“Sweet Spot,” by Mike Sugerman
NEW YORK (WCBS 880) — The American Civil War had just ended when – at a place far, far away called Coney Island – someone ate a hot dog.
They had just been invented by a guy named Charles Feltman.
“He came up with this wacky notion of taking the frankfurter from his native Germany and putting them into these special elongated buns,” amateur historian Michael Quinn explains. “And in the summer of 1867, he sold 4,000 of what he called the Cony Island Red Hots.”
Quinn and I are standing where it all began, and I’m grilling him about the history of hot dogs.
“Eventually, Feltman’s Oceanside Pavilion was the largest restaurant in the world. In 1915, there was a Polish immigrant by the name of Nathan Handwerker, who got a job as a bread slicer with Feltman,” he says.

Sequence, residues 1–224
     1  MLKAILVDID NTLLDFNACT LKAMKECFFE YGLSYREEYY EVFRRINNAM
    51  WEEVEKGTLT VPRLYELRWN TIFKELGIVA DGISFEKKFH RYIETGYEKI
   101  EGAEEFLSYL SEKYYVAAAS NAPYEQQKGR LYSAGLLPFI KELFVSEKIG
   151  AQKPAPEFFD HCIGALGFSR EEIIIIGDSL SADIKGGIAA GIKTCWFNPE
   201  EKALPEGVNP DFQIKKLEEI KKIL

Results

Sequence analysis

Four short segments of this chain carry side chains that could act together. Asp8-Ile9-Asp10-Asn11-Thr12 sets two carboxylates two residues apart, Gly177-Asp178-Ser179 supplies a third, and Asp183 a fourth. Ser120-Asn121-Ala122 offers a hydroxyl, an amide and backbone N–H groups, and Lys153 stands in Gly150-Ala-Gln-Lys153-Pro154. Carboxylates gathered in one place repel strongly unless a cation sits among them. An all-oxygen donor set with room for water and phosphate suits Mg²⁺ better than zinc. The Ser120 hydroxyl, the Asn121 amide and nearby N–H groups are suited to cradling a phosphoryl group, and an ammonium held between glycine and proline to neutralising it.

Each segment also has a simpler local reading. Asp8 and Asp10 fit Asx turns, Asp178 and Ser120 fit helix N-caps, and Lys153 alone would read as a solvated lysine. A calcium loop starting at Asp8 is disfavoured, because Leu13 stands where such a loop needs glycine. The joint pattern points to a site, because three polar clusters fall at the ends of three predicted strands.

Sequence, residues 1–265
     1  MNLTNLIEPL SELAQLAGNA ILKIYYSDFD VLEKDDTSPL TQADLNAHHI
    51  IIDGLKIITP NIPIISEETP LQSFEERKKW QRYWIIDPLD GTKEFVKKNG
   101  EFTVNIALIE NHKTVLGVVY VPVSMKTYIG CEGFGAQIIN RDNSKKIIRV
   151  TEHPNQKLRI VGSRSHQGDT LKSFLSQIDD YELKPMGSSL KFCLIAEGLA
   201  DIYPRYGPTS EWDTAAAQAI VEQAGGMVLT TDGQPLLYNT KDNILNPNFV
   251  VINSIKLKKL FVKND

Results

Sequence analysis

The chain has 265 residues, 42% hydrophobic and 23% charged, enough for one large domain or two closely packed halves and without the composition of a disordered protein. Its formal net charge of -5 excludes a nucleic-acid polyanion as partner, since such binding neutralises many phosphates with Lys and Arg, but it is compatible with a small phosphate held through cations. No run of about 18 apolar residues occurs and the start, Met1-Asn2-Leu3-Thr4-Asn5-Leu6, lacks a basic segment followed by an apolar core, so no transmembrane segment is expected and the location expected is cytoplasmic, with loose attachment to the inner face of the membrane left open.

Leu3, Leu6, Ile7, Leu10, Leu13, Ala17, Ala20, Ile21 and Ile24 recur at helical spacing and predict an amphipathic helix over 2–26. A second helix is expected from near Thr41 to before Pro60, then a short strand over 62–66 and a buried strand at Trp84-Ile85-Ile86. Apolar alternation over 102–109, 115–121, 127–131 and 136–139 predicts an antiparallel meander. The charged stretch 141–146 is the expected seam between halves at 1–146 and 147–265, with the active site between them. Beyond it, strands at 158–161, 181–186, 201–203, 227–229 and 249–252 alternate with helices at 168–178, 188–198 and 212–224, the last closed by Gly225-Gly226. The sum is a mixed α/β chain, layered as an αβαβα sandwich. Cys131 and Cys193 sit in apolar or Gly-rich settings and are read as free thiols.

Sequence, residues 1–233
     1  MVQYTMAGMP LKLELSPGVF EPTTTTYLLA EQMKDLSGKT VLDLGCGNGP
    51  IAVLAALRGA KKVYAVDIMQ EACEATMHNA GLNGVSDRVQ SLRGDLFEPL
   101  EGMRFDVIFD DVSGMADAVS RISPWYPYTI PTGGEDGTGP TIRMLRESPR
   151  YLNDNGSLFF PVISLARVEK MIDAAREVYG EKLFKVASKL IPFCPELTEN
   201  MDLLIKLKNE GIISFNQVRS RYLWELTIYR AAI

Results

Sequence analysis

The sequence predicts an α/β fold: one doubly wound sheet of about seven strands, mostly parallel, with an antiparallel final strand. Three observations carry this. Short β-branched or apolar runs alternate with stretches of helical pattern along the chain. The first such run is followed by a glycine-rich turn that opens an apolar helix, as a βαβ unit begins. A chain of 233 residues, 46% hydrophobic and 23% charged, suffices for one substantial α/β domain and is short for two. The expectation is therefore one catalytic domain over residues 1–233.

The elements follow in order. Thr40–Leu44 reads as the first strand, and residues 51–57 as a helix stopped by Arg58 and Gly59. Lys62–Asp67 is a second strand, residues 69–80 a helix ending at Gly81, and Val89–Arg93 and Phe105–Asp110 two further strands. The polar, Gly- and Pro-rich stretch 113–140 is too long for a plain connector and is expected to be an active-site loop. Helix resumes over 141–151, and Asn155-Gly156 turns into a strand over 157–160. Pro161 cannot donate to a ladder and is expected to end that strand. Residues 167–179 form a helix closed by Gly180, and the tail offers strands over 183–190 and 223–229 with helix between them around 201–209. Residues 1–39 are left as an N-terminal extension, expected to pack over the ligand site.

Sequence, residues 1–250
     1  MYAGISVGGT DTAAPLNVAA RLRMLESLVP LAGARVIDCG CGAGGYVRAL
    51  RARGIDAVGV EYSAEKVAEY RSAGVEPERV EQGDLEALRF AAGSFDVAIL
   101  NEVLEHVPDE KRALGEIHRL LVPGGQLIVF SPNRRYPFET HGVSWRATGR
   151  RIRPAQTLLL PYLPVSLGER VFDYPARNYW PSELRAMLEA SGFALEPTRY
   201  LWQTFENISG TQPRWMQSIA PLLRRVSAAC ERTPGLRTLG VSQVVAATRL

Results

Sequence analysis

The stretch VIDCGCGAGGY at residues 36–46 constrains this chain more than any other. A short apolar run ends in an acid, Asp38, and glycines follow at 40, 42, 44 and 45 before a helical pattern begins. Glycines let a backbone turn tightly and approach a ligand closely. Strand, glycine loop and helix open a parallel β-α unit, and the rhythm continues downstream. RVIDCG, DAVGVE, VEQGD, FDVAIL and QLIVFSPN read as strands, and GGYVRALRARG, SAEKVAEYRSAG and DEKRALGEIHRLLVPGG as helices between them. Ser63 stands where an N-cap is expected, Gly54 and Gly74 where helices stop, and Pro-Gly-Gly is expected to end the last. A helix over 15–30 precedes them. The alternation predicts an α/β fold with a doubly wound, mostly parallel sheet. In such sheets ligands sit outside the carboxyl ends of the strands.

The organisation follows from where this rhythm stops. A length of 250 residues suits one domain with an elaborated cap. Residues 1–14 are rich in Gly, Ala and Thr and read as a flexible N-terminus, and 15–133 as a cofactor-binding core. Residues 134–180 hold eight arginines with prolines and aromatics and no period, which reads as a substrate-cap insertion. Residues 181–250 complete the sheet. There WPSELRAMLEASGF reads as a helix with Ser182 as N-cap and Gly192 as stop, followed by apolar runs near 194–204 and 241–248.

Remember that name, Nathan. It’s important in hot dogs. OK, you already know that. Nathan’s hot dogs are iconic.
Handwerker started his own stand selling cheaper hot dogs with cheaper ingredients – nickel dogs to Feltman’s 10 cents. It didn’t just take a bite out of Feltman’s business, it ate the whole thing. Feltman eventually went out of business.
“Me and my brother have decided to bring back the original hot dog,” Quinn says.
And they have. At the same spot on Surf Avenue in Coney Island where the first Feltman’s stood, there’s a new one.
You’ll find a hot dog made of quality meat, a lamb skin, and the original German spices Feltman used. And it sells for the comparable price of a Nathan’s.
I tried it. I liked it.
The woman next to me wasn’t so enthralled.
“It’s gross,” she said when I asked her if she liked it. “I hope it’s not your recipe. I don’t like it at all.”
It’s not for everyone in the dog-eating-dog business.
But the Quinns are hungry for success and hope the future is bright, as they go into the past.